I have come to really like Twitter. So much so that I have to tell myself to take a break once in a while so that I can get something done. Twitter levels the playing field and allows anyone to share what’s on their mind or what they’re doing. It’s a great way to extend your ministry, bless others, and create connections.
Where Facebook is about affiliation (who you know or have known) Twitter for me has become about affinity (what do we have in common?) I really like finding others with common interests and passions and following each other.
That said, unless you’re a major public figure, you’re probably finding followers the way most people do; by searching for like-minded individuals, following them, and see if you get a follow back. If you do, you’ve made a connection. Good day!
So let’s say you’re trying to expand your Twitter community and you’re having trouble getting people to follow you back. Here are some reasons why this might be happening:
1. A user name that’s difficult to understand. Zboy1509YO might mean something to you, but it doesn’t do a thing for me. Try keeping your user name as close to your real name or organization’s name as possible.
2. No picture. The Twitter bird is cute but I don’t want to see that graphic all up and down my time line. Use a picture of YOU. I’m interested in connecting with other people, not their dog, car, or favorite beverage.
3. Incomplete bio. I’m going to let you in on a secret. I like to follow people back who share my same interests and affinities. If I see that you’ve followed me, I’m going to check your bio to see if you’re someone I’d like to follow back. Add a link to your blog (not your sales presentation) there. If there’s no information there, I’m going to assume we have nothing in common and not follow you back. The key is to make me work as little as possible to find out if you’re someone I would like to follow back.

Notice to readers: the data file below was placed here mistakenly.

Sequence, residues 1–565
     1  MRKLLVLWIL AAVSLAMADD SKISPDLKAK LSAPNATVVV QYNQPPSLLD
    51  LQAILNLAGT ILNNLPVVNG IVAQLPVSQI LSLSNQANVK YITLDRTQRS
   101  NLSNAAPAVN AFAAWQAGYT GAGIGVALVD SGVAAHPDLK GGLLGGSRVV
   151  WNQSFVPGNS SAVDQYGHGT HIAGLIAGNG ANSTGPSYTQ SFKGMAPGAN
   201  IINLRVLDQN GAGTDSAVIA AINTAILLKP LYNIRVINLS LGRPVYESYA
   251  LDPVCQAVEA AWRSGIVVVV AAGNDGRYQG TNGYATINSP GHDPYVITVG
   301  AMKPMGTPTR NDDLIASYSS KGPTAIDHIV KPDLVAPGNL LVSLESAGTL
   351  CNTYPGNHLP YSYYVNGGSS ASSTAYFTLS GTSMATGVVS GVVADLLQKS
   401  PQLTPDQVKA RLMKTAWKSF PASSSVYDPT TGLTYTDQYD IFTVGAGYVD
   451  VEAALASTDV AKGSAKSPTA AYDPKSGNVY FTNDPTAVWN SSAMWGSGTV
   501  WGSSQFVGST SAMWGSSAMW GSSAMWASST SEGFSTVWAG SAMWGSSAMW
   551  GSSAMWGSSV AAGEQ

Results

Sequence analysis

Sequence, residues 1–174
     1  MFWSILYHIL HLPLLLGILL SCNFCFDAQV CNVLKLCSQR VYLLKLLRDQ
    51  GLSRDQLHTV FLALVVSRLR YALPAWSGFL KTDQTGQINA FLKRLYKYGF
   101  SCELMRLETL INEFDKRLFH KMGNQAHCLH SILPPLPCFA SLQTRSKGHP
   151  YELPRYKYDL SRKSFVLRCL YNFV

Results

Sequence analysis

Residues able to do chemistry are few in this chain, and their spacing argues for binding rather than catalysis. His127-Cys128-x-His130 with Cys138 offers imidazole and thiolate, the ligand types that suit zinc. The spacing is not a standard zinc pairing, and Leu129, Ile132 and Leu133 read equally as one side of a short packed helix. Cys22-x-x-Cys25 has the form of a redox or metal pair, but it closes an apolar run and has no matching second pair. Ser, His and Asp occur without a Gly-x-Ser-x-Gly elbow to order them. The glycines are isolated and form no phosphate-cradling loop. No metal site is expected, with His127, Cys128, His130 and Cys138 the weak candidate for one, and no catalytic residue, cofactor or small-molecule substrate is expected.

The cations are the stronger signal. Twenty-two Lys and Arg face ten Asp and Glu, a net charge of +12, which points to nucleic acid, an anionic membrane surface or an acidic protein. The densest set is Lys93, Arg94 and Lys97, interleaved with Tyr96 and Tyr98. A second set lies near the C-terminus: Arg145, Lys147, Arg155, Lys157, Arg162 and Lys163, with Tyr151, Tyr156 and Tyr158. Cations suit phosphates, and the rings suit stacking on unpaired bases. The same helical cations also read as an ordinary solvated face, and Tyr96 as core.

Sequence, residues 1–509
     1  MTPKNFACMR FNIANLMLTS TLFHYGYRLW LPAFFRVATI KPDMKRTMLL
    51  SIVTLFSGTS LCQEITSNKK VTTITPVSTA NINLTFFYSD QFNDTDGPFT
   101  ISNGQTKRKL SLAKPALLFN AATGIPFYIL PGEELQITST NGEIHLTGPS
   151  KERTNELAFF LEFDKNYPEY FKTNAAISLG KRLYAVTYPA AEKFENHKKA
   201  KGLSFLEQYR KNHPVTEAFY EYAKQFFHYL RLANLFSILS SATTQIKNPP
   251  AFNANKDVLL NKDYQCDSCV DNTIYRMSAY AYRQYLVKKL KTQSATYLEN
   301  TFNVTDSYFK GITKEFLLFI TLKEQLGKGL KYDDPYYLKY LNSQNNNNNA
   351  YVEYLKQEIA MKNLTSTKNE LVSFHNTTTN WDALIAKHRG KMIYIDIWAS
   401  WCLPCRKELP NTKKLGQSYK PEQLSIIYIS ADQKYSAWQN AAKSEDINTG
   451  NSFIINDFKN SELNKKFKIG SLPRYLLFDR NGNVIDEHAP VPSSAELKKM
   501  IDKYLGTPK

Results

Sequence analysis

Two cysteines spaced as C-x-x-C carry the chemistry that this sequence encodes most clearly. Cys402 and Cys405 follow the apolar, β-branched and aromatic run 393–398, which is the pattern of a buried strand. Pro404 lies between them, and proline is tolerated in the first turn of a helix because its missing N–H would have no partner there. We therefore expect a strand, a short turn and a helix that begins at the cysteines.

4. A protected profile. Sometimes I like to read a few of your tweets before I decide whether or not to follow you back. You send me a follow. I click on your name to see your Twitter profile and I see a padlock. “Tweets are protected.” How do I know you have anything interesting to say? I’m not taking any chances on a protected profile. No follow back!
5. All of your tweets include a link. If I see links on all of your tweets, chances are I won’t even read them to see if they’re interesting. When 100% of your tweets are links to your web site, chances are you’re only interested in driving traffic or selling something. I’m in it for interaction and community, not to read 140 character commercials every few minutes. With that said, I do follow those links when posted by people who have other things to share too.
6. You’re building a fan club. One of the worst Twitter travesties I’ve seen is when people thin out the number of people they’re following to cause a greater gap in their followers to following ratio. Look, if you’re a major celebrity, it’s understandable to have 100,000 followers and only be following 25. The sad thing is that I’ve seen people in ministry drop followers to appear more popular (or something). It’s one thing to unfollow others who aren’t following you back but come on! Unfollowing people who are following you because you want a Twitter ego boost? Shame! Twitter is about connection and community, not about building up your fan base. Ministers should be especially aware of this. So, if you unfollow me, don’t expect me to keep following you back.
The key is to represent yourself with clarity and, as I said earlier, make it as easy as possible for people to discover if you’re the kind of person they’d like to follow back. It’s about affinity and community, a really cool thing in this day and age. Keep building your community (not your fan club) and we’re in for a great time together.
What are some things that cause YOU not to follow back?